<meta name="GENERATOR" content="Microsoft FrontPage 6.0"> <meta name="ProgId" content="FrontPage.Editor.Document"> ... <p style="margin-top: 0; margin-bottom: 0" align="center"> <b><font face="Verdana" size="1" color="#FF0000"> <a href="http://www.thehalloweengroup.com/foambusts.htm"> <span style="text-decoration: none"><font color="#FF0000">FOAM BUSTS</font></span></a></font></b></p> <p style="margin-top: 0; margin-bottom: 0" align="center"> <b><font face="Verdana" size="2" color="#FF0000"> <a href="http://www.thehalloweengroup.com/cobwebmachine.htm"> <span style="text-decoration: none"><font color="#FF0000">COB WEB MACHINES</font></span></a></font></b></p>
Note the meta tag identifying this page as a FrontPage 6.0-created page, not something you want to brag about. These meta tags can be safely deleted from your HTML pages. Make sure you include
meta description and
keywords tags for higher SEO visibility.
We found a number of problems shared by some of these Halloween sites. In particular, the most common performance problems that we found were:
We analyzed the above Halloween sites for the five key elements typically included in accessible web pages. We found partial support for
alt attribute values and link
title, and no support for the other common accessibility elements including a "skip to content" link,
tabindex attributes (see Table 2).
|Halloween Site||Alt attributes?||Skip to content link?||Link title attributes?||Accesskey?||Tabindex?|
These Halloween sites would be difficult to navigate for people with disabilities. FrightCatalog.com had the best accessibility, with all image tags containing alternative text, and some link title attributes. To improve accessibility convert graphical rollover menus to text and CSS2 for higher speed and better accessibility. For the remaining images, add descriptive
alt attribute values to functional images, and blank
alt attribute values to non-functional images. Include accesskeys in menu options and important links with visual cues to identify the matching key combination. Our other suggested solutions can be found in our presidential homepage review.
In our opinion, all of these Halloween sites have scary download times and ghastly accessibility. While the designs were for the most part colorful and inviting, user experience suffered with slow load times and partial accessibility. On average these home pages took 13.8 seconds to load useful content and 69 seconds to fully load on a 56Kbps modem. Total page size averaged 327K requiring 36.8 HTTP requests to fully load. As you'd expect, images contributed the bulk of the total payload, contributing over 82% to the total page size. The HTML page size ranged from 19,170 bytes for FrightCatalog.com to 54,008 bytes for FrightShop.com, a factor of 2.8, illustrating the benefits you can gain from switching to standards-based design.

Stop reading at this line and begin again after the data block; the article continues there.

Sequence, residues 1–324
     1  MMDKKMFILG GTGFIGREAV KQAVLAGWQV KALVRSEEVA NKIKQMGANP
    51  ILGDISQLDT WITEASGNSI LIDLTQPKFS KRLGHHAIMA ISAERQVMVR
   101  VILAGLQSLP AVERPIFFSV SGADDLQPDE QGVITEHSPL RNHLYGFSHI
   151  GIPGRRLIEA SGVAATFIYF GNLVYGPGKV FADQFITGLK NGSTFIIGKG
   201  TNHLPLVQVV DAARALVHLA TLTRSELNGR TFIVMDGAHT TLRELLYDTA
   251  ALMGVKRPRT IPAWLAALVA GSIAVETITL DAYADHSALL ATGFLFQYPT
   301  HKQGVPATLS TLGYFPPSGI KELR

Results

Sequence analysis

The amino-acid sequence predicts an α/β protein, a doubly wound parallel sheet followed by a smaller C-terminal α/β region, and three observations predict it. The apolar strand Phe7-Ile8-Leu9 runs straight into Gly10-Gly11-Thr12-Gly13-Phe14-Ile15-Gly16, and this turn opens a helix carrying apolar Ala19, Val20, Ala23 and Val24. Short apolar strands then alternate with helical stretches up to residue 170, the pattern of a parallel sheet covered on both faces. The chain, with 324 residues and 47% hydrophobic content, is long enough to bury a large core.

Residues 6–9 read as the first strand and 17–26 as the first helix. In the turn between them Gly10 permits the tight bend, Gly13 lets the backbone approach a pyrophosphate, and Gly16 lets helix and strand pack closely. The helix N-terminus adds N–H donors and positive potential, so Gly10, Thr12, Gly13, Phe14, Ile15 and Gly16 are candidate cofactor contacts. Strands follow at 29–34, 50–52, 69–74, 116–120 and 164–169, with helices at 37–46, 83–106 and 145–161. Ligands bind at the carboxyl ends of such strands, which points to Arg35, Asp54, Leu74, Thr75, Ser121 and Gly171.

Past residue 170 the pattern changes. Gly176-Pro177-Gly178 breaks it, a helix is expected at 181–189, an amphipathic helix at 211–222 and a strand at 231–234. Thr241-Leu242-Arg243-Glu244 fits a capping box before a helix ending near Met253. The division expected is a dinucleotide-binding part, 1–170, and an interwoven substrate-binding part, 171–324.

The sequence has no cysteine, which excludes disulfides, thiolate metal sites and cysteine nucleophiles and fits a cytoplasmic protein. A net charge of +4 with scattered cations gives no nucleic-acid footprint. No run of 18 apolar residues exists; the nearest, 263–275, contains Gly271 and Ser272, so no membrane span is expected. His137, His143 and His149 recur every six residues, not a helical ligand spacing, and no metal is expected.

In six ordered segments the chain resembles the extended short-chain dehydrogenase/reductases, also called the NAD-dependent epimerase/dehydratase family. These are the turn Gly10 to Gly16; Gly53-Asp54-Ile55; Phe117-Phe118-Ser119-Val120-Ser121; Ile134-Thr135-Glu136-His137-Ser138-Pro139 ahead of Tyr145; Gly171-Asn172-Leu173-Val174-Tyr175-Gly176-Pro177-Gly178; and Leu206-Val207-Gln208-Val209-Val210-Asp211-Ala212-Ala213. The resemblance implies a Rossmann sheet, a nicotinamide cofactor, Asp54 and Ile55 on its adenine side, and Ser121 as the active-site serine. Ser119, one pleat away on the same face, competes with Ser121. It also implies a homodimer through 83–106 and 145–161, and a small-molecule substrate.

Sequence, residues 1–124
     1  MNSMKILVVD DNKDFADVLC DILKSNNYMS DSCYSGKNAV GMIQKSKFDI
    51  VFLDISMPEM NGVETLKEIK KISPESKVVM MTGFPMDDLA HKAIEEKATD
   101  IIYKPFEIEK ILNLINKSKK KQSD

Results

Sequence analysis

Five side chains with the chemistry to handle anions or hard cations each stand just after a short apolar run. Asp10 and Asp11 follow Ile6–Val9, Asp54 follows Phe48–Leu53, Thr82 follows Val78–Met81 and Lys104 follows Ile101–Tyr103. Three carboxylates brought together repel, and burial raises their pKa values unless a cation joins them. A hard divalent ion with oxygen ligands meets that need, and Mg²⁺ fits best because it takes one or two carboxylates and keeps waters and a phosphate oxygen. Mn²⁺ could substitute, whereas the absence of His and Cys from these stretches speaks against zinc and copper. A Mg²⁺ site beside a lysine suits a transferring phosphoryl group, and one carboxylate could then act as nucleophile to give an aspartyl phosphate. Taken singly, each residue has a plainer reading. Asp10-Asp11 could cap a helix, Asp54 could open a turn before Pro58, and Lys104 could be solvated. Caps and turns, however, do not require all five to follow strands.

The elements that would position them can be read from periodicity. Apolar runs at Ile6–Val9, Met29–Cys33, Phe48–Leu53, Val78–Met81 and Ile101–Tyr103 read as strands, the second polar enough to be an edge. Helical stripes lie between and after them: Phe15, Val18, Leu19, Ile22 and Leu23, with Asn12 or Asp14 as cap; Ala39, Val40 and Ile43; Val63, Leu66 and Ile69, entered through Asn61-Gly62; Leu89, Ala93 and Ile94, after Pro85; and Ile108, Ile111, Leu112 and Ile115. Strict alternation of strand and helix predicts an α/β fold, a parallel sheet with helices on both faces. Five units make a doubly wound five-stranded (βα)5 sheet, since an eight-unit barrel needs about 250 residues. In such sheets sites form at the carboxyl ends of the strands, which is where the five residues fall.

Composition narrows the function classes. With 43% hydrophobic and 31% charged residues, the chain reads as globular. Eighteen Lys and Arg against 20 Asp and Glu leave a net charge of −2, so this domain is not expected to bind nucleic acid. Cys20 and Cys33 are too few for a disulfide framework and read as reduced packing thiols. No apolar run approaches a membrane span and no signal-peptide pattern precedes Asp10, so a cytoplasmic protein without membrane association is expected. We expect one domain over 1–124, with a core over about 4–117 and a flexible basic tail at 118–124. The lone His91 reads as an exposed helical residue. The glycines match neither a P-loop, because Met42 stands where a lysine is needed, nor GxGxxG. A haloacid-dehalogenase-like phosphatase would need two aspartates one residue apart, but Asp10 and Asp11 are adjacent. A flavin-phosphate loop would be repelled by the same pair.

Ideally you want to give users something to interact with within 1 or 2 seconds, and have your page load in 8 to 10 seconds. To achieve these times layer your content and limit high-traffic pages to 30 to 34K in total. As Halloween approaches the load on these sites will surely increase extending download delays. Don't scare your visitors with slow download times and poor accessibility, entice them into your lair with a fast, ghoul-friendly experience.
Andy King (who has been known to give out candy on Halloween) is the founder of five developer-related sites, and the author of Speed Up Your Site: Web Site Optimization (http://www.speedupyoursite.com) from New Riders Publishing. He publishes the monthly Bandwidth Report, Optimization Week, and Speed Tweak of the Week.
Any trademark or tradenames used in this article are owned exclusively by their owners living or dead and they do not endorse or sponsor this site. Optimization Week and the author are not affilliated with any of these sites any form, and we do not endorse these companies. All opinions expressed herein are based on information that we believe to be reasonably accurate at the time of publication. If you find any errors or misstatements of fact please contact us.
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Last modified: October 31, 2005